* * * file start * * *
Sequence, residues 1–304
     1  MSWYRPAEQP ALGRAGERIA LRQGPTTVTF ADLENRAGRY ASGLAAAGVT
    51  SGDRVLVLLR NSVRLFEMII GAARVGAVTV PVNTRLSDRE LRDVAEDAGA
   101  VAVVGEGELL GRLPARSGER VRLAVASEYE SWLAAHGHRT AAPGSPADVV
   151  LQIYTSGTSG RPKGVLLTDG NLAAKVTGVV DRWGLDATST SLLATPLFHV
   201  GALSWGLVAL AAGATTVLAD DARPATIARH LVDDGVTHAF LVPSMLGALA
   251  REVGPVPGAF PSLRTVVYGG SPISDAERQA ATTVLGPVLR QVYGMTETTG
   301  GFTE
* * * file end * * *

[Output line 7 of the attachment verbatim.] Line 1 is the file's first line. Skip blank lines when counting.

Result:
   251  REVGPVPGAF PSLRTVVYGG SPISDAERQA ATTVLGPVLR QVYGMTETTG